The Lion, the Witch, and the Wardrobe
How we cite our quotes:
Peter did not feel very brave; indeed, he felt he was going to be sick. But that made no difference to what he had to do. (12.31)
Bravery isn't really about how you feel – it's about what you do in spite of your feelings.
The hags made a dart at him and shrieked with triumph when they found that he made no resistance at all. Then others – evil dwarfs and apes – rushed in to help them and between them they rolled the huge Lion round on his back and tied all his four paws together, shouting and cheering as if they had done something brave, though, had the Lion chosen, one of those paws could have been the death of them all. (14.42)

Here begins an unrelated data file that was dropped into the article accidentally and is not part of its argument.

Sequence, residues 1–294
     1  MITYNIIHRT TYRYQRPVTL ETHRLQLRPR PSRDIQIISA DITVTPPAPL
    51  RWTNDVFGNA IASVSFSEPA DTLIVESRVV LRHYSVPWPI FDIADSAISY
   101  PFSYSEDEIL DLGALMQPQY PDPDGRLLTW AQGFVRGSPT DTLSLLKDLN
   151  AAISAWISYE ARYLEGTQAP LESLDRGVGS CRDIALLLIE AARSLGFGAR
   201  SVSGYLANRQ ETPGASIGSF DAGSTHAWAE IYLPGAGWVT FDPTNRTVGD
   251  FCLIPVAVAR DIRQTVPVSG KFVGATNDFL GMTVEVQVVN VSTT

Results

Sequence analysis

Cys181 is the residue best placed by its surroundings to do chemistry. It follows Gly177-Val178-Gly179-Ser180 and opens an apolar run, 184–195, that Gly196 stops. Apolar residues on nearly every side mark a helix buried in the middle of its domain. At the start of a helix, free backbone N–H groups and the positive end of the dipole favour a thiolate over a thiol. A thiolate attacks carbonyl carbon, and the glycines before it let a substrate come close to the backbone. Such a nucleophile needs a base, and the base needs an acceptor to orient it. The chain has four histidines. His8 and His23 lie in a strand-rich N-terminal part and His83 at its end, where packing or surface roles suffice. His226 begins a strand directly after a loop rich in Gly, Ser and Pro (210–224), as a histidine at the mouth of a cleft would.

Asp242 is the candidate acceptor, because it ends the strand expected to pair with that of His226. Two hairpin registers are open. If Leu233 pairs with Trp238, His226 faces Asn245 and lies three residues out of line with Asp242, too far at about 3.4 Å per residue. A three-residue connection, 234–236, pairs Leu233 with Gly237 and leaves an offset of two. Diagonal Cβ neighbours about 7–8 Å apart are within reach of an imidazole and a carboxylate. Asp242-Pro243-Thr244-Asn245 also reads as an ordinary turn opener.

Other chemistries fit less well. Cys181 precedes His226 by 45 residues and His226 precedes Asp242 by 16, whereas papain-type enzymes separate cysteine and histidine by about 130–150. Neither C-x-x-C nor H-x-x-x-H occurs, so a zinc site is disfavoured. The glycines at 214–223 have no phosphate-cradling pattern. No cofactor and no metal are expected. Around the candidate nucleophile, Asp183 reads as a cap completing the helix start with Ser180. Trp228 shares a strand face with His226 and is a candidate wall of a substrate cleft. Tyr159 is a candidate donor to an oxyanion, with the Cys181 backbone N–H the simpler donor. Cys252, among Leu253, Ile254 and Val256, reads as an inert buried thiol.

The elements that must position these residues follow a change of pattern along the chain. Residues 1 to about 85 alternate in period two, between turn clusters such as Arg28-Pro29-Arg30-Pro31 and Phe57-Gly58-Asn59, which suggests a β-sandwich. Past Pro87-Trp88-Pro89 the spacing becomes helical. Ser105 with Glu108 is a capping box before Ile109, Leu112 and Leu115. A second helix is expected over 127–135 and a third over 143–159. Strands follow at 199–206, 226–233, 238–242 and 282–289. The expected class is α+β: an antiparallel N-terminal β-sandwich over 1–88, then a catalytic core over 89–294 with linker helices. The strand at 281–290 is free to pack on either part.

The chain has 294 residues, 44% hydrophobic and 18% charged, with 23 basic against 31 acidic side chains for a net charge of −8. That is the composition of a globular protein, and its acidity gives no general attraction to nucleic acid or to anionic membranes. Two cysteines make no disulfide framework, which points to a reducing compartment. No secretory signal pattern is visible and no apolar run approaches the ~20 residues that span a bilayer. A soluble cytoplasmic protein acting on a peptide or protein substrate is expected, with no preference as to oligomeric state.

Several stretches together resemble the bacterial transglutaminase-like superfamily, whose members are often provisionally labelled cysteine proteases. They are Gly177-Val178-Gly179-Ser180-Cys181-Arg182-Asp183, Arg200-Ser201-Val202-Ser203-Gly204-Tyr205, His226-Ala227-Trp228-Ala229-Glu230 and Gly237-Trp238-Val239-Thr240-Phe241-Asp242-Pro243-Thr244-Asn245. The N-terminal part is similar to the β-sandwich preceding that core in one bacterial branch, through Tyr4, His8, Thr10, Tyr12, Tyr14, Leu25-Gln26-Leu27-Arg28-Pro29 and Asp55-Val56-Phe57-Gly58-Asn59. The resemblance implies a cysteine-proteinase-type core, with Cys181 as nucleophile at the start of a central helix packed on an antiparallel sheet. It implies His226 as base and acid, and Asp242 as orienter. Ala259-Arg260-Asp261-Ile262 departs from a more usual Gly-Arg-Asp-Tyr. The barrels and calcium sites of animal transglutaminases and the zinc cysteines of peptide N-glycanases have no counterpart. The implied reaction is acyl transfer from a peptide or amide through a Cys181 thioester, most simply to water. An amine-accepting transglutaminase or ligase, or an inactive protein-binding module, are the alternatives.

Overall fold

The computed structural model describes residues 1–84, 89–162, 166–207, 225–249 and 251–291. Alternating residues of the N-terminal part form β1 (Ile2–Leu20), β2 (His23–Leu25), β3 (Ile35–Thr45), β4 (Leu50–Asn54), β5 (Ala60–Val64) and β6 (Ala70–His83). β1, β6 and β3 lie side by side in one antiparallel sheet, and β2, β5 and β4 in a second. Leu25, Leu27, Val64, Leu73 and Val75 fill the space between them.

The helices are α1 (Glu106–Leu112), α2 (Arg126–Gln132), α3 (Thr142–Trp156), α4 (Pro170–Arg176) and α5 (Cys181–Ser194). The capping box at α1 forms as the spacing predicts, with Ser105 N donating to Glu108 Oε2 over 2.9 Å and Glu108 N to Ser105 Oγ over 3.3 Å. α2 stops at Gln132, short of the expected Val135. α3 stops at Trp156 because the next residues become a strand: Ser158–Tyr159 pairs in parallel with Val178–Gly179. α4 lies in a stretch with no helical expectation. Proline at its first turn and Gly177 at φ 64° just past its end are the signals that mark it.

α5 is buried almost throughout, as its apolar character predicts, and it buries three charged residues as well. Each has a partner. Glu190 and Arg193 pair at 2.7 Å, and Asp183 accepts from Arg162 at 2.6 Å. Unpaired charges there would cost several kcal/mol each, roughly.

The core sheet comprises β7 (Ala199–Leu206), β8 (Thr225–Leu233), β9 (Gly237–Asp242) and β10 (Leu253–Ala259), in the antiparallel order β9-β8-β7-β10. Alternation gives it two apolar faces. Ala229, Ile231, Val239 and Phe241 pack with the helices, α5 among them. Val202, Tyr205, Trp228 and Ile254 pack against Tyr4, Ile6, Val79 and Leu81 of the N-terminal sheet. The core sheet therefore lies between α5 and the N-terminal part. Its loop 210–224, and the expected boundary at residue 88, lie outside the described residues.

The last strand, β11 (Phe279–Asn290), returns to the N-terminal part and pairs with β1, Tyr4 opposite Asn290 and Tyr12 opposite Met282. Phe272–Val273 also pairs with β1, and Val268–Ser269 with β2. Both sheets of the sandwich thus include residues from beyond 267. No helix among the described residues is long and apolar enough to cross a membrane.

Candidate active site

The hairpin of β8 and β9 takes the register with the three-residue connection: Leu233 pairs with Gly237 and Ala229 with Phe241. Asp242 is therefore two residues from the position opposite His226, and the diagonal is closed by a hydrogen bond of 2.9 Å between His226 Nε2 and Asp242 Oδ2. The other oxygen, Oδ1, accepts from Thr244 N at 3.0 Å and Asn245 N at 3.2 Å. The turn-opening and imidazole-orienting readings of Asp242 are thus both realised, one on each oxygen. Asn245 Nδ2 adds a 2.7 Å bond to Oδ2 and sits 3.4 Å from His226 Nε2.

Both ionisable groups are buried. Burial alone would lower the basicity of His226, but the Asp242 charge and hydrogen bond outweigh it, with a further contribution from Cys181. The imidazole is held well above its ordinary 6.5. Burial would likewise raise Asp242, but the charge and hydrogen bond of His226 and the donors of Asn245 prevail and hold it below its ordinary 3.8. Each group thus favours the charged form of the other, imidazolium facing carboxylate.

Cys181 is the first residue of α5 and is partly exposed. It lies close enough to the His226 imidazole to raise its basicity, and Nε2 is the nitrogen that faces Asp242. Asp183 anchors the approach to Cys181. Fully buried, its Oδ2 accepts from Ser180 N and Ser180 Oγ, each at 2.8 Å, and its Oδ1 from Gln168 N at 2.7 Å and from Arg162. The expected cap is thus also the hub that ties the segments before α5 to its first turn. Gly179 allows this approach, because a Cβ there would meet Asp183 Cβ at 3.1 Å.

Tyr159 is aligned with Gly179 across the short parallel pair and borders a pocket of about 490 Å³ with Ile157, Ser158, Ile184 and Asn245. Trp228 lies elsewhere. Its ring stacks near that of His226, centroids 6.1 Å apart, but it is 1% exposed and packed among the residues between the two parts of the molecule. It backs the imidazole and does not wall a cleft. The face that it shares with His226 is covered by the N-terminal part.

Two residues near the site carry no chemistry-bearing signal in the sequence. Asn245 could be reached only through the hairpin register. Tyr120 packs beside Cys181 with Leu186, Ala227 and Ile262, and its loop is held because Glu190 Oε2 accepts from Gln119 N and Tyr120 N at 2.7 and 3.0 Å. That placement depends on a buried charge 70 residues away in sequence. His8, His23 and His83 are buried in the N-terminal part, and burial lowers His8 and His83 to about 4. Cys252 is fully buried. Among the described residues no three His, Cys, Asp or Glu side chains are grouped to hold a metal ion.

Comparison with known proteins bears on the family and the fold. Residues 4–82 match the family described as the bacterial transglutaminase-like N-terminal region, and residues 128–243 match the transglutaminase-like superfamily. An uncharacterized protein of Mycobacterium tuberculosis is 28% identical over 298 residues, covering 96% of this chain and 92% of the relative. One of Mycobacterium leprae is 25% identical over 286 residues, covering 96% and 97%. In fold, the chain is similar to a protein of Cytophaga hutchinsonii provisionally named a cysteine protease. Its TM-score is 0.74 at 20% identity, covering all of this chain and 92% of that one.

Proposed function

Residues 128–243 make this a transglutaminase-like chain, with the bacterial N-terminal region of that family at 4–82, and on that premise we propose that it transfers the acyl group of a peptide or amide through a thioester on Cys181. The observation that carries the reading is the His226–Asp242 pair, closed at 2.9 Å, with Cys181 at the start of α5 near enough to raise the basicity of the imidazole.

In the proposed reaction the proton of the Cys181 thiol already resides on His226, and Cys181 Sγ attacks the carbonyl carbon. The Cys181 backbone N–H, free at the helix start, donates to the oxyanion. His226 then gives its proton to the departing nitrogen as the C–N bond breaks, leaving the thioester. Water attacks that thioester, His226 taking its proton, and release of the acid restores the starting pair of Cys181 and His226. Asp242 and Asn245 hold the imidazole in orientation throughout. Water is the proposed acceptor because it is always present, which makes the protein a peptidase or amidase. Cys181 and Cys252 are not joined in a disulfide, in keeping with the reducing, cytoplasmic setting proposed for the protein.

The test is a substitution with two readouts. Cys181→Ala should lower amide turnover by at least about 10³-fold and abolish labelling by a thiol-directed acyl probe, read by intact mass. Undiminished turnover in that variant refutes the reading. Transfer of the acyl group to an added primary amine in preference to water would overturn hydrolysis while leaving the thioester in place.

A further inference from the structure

One of the characteristics of the evil creatures who follow the Witch is their cowardice. They are only brave enough to approach and harm Aslan because they realize he is not going to put up any resistance.
"It was all Edmund's doing, Aslan," Peter was saying. "We'd have been beaten if it hadn't been for him. The Witch was turning our troops into stone right and left. But nothing would stop him. He fought his way through three ogres to where she was just turning one of your leopards into a statue. And when he reached her he had the sense to bring his sword smashing down on her wand instead of trying to go for her directly and simply getting made a statue himself for his pains." (17.2)
Once redeemed, Edmund demonstrates great courage and disregard for his personal safety.